TUMBY BAY - I was very interested in art when I was at high school and in my final year visited an advertising agency as part of a school careers program.
It wasn’t a work experience program, just visits to places where people worked in careers that interested us. I was intent on talking to the commercial artists in the company.
Nothing came of it in the end. I had middling talent as an artist and, besides, Papua New Guinea beckoned, even at that early stage.
While talking to the advertising people and artists I heard for the first time the expression, ‘the great unwashed’.
The great unwashed is a pejorative expression and refers to people who do not have much money, or who lack a formal education.
In advertising parlance back then it referred to gullible people who could effortlessly be sold ideas and products.
This amorphous demographic is also beloved of politicians, because ‘the great unwashed’ are the people most easily conned into voting for them.
Former Australian prime minister Robert Menzies referred to them as ‘the forgotten people’. His erstwhile protégée, John Howard referred to them as ‘battlers’. Our current prime minister talks about ‘quiet Australians’.
The Labor Party equivalent was ‘hardworking families’ and ‘the working class’ but the connotation wasn’t as strident and derogatory.
In the USA, Hillary Clinton called the working class and uneducated who follow Donald Trump ‘deplorables’.
In one of her speeches, Clinton criticised Trump's campaign for using "racist lies" and "taking hate groups mainstream and helping a radical fringe take over the Republican Party”.
In Papua New Guinea an equivalent expression is probably something like ‘ol bus kanaka’.
Forgotten people, battlers, quiet Australians, hardworking families, deplorables and bus kanakas don’t really exist.
What does exist, however, are uninformed, gullible and, most of all, vulnerable and frightened people.
They are the people who gave Australian prime minister Morrison his unlikely election victory. They are the same people who gave Trump his unexpected victory. They are the same people who support Pauline Hanson’s One Nation party.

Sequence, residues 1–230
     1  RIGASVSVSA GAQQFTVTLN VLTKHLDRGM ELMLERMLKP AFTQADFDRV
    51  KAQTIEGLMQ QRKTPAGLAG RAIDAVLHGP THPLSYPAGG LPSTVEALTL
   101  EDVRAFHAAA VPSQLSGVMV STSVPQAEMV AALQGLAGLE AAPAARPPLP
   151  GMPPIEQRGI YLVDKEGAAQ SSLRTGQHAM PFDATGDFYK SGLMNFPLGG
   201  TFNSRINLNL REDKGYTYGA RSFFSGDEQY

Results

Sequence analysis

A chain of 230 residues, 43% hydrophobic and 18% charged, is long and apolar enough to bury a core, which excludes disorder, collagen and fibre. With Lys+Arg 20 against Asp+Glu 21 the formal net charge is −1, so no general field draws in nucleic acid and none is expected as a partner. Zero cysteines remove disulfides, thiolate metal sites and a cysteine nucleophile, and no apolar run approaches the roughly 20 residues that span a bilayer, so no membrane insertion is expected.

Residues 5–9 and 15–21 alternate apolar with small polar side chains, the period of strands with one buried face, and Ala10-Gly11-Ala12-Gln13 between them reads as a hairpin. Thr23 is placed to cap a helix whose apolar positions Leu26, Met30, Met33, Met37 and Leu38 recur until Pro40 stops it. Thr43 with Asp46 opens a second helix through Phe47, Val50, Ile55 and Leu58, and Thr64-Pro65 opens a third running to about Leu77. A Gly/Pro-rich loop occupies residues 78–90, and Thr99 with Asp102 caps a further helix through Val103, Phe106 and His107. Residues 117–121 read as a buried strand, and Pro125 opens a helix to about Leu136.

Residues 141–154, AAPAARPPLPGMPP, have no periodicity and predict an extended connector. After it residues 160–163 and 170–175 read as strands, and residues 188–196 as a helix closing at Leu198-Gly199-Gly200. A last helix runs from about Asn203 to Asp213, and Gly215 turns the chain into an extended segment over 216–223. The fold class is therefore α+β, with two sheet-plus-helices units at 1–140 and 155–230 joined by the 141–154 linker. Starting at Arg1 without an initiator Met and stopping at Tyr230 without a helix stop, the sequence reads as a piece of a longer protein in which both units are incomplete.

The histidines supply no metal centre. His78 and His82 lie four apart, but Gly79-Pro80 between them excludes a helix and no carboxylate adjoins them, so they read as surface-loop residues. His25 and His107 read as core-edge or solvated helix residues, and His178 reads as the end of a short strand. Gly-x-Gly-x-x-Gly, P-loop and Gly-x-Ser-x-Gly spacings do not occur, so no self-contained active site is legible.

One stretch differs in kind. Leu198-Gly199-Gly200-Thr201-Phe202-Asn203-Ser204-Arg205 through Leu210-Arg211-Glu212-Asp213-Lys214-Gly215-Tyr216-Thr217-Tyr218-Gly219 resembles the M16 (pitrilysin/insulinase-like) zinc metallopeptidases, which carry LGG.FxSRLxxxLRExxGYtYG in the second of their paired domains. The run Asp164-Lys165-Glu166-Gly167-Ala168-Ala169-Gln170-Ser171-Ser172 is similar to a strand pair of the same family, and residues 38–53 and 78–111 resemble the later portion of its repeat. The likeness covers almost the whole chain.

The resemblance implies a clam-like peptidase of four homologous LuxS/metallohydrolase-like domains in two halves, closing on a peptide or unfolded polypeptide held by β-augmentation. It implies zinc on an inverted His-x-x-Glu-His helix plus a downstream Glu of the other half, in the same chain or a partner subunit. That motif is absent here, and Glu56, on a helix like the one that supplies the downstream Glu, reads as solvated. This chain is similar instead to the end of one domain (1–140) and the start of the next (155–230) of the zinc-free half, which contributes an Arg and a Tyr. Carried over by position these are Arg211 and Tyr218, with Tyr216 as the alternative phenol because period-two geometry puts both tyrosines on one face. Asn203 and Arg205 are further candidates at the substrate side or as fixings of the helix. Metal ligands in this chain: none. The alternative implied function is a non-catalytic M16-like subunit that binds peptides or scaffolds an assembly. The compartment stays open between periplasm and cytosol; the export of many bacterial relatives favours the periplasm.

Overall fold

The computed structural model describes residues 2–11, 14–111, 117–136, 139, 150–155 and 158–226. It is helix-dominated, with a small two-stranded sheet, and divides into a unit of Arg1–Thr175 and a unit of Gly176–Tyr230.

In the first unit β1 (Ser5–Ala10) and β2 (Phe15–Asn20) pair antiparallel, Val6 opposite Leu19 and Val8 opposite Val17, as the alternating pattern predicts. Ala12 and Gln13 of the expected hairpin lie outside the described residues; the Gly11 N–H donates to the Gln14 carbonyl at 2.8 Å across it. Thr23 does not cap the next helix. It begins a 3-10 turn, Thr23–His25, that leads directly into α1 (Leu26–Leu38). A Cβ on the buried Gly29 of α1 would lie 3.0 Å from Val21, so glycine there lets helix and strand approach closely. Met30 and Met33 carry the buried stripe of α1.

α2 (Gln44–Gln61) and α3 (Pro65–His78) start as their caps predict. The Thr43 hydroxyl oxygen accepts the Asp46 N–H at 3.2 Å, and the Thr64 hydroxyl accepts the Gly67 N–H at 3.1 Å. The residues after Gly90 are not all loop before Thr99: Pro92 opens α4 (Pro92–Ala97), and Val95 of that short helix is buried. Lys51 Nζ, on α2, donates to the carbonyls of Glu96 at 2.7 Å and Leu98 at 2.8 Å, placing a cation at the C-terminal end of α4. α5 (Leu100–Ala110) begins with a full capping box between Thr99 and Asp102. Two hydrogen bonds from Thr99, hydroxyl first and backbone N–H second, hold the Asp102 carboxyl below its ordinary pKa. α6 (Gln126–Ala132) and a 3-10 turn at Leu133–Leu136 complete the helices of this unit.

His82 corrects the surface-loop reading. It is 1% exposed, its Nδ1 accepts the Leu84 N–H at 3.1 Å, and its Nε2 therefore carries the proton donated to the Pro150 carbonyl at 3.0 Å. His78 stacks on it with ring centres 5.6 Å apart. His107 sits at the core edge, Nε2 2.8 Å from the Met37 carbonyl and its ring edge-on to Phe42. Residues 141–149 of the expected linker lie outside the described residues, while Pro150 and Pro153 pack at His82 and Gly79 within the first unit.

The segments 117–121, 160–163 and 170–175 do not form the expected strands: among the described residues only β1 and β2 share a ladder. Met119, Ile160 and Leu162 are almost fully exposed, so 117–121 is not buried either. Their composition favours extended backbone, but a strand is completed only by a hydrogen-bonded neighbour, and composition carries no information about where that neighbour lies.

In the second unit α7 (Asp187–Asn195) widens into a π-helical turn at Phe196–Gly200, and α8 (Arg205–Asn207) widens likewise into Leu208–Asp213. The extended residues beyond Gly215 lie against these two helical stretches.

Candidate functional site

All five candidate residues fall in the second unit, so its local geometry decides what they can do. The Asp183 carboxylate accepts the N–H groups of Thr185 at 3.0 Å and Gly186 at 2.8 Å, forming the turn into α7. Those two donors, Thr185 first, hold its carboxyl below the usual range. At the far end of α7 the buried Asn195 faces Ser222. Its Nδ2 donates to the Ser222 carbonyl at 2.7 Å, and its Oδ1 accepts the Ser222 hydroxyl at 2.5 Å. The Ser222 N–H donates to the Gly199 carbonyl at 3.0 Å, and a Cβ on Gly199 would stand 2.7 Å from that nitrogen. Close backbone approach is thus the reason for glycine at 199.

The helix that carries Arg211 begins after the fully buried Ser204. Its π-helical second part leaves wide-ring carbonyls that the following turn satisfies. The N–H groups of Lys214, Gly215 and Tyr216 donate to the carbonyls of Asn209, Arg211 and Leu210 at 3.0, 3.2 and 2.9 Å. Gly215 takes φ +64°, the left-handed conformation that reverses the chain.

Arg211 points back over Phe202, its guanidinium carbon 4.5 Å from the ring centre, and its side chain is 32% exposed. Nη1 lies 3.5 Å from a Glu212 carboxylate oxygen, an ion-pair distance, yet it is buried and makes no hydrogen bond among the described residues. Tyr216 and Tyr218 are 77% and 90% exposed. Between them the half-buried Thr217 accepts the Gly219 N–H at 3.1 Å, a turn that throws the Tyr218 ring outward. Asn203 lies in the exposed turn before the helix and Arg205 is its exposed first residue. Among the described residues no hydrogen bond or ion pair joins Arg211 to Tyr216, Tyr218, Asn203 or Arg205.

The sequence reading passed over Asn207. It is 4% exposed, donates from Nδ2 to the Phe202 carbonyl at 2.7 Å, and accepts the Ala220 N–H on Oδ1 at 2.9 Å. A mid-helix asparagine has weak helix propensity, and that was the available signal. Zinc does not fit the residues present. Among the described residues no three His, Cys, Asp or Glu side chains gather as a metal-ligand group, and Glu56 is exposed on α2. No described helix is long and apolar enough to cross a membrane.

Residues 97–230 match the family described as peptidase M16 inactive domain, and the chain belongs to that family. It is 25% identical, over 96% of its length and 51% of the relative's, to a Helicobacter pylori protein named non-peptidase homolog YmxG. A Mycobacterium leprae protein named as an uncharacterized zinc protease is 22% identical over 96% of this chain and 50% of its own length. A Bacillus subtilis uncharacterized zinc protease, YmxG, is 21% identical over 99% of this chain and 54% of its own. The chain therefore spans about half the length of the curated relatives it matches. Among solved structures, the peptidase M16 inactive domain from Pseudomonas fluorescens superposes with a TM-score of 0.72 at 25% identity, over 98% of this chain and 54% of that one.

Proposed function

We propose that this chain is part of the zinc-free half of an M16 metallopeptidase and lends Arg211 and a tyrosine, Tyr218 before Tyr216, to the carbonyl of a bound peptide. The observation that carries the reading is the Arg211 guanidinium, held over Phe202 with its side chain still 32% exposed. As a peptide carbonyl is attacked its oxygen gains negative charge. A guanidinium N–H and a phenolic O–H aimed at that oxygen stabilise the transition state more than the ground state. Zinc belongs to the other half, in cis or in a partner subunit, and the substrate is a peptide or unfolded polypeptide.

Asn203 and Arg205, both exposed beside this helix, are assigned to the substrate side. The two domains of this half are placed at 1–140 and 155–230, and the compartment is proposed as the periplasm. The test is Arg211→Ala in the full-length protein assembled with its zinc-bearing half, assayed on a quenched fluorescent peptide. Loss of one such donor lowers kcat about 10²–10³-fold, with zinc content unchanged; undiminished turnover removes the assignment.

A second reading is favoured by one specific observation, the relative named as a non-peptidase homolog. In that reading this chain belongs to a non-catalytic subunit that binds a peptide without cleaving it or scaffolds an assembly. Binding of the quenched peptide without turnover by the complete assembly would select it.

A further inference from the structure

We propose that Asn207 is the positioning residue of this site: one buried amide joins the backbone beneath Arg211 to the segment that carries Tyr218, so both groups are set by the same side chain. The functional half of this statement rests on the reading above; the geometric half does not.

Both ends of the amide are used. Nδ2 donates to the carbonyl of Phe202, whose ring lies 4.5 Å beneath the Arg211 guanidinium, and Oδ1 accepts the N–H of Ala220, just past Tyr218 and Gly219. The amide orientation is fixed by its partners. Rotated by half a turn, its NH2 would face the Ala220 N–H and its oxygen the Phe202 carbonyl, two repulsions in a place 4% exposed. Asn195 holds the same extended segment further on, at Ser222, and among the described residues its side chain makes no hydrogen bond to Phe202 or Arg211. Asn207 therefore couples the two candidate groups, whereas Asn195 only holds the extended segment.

They are the same people in Papua New Guinea who allow their votes to be sold for money.
Morrison, Trump, Hanson and many politicians in PNG know how to indulge these people and stoke their fears and prejudices.
When the primary focus of a politician is to get elected no matter what, the great unwashed are too good to ignore.
Unfortunately, pandering to such a demographic doesn’t make for good government.
Policy based on people’s fears and prejudices inevitably leads to bad policy.
It is the sort of policy that seeks to cement the status quo. It is the sort of policy that cannot deal with change. It is head-in-the-sand policy.
Such policy demands a reactionary government. It demands policy inertia. It demands doing the same thing over and over again hoping for a different outcome. It demands institutionalised racism, xenophobia and grocery store economics.
The politicians who rely on this demographic to get them elected are the same politicians who have trashed the image and reputation of a profession that, believe it or not, was once reasonably highly regarded.
Yes, politicians were once largely admired.
Mike Seccombe, writing in The Saturday Paper, described Morrison as “belligerent in rhetoric, authoritarian in tone, divisive in intent, unimaginative in vision, deceptive and insubstantial in content”.
That description would also fit many other current and past politicians. In PNG, Peter O’Neill and Bill Skate come to mind.
Honest politicians with high ethical values and ideologies stand little chance in such an environment. At best they are labelled ‘elitist’ and at worst ‘out of touch’.
What these labels actually mean is that they are people who are not prepared to be dragged down to the base level.
The politicians who capitalise on the ignorance and gullibility of the great unwashed are unfortunately in control at the moment.
They are dragging everyone and everything to the edge of an abyss.
What to do about it?
All that can be done is hang on for a wild ride.